As shown in FIG. 1, the magnetic recording medium of the invention consists of a flexible substrate 1 of a polymeric material, a first magnetic layer 2 of a ferromagnetic metal formed on the substrate 1 by the ionized cluster beam deposition method, and a second magnetic layer 3 of a ferromagnetic metal formed on the first magnetic layer 2 by the high-vacuum ion plating method. The magnetic layer 2 has a thickness of 10 to 3,000 A, preferably 100 to 1,000 A, and the magnetic layer 3 has a thickness of 100 A to 1 micron, preferably 200 to 5,000 A.
Referring to FIG. 2, a vacuum chamber 4 is adapted to be evacuated to a high vacuum corresponding to a low pressure of 8×10-4 torr or below by means of an evacuation system (comprised of an oil rotary pump, an oil diffusion pump, etc. but not shown) connected to an exhausted pipe 42.
A film-like polymeric substrate 5 is continuously conveyed by a feed mechanical comprised of a feed roll 51, guide rolls 6, 6" and 6'" and a wind-up roll 52 (a roll driving device composed of a motor, a gear, etc. is not shown). The travelling path of the substrate 5 can be adjusted by the guide rolls 6, 6' and 6" so that the magnetic layers can be successively formed by an ionized cluster source 7 for deposition and an ion source 8 for ion plating, and that ionized cluster beams 9 and atom ion beams 10 fall upon the substrate 5 in specified directions.
At the back of the substrate 5 are disposed accelerating electrodes 11 and 12 opposite to the ionized cluster source 7 and the ion source 8 respectively so as to accelerate the ionized clusters and the atom in an electric field. A negative direct-current voltage is applied to these electrodes from a power supply 13.
In FIG. 3, the ionized cluster source 7 for deposition is made up of a cluster-generating section 20 and an ionizing section 21.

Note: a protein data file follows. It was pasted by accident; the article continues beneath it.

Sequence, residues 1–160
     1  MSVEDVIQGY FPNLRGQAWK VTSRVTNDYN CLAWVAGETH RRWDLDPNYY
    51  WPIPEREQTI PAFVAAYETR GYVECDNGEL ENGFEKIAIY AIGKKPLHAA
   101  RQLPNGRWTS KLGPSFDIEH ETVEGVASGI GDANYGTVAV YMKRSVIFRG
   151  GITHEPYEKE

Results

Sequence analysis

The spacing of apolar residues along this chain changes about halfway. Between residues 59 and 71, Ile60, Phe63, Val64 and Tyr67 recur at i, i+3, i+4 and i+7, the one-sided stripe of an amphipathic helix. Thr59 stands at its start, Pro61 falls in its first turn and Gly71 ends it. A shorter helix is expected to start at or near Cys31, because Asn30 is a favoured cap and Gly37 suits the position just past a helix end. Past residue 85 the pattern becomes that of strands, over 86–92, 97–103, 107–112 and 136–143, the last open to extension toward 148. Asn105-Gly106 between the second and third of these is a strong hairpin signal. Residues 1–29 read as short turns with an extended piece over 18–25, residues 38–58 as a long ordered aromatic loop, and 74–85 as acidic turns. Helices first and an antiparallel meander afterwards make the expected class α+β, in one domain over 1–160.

The cluster-generating section 20 is comprised of a closed type crucible 23 having a vapor jetting nozzle 22, a filament 24 for emitting thermoelectrons and a guard 25 for field control. The cluster is generated by electrically heating the filament 24 by a power supply 26 disposed outside the vacuum chamber 4 to allow the filament to emit thermoelectrons, applying a negative dc-voltage to the filament by means of a power supply 28, thus bombarding the accelerated electrons against the outside wall of the crucible 23 to heat the crucible 23 and thus to vaporize a ferromagnetic metal 29 fed into the crucible 23, and jetting out the vapor of the ferromagnetic metal from the jet nozzle 22.
The ionizing section 21 is comprised of a filament 30 for emitting thermoelectrons, a mesh electrode 31 for accelerating the electrons in an electric field, and a guard 32 for field control. In the ionizing section 21, the cluster is ionized by electrically heating the filament 30 by a power supply 33 to emit thermoelectrons, applying a negative dc voltage to the filament 30 by a power supply 35 and grounding the mesh electrode 31 to accelerate the electrons in an electric field, and impinging the accelerated electrons against the cluster generated in the cluster-generating section 20.
The ionized cluster is given a kinetic energy by the accelerating electrode 11 shown in FIG. 2, and comes into collision with the surface of the substrate 5 whereby a magnetic layer is formed.
Referring to FIG. 4, there is shown an electron beam evaporation source 40 consisting of an E gun 43, a water-cooled copper hearth and a vapor source material (a power supply is not shown). Shown at 46 is a baffle plate for hampering passage of a vapor. A vapor flow 47 which advances as shown is ionized in an ionizing section 48. The ionizing section 48 is comprised of a filament 49 for emitting thermoelectrons, a mesh electrode 50 for accelerating electrons in an electric field and a guard 53 for field control.
Vapor particles are generated by heating the vapor source material 45 with the E gun 43. The vapor particles are ionized by electrically heating the filament 49 by power supplies 54 and 55 located outside the vacuum chamber 4 to emit thermoelectrons, and simultaneously applying a negative dc voltage to the filament 49 to accelerate the electrons in an electric field. The vapor particle ion is then accelerated by the accelerating electrode 12 shown in FIG. 2 to impart a kinetic energy thereto, whereupon it becomes vapor particle beams. The accelerated atom ion beam, as shown in FIG. 2, are impinged against the first magnetic layer formed on the substrate 5 by the ionized cluster beam impingement in the previous step. Thus, the second magnetic layer is formed on the first magnetic layer by high-vacuum ion plating.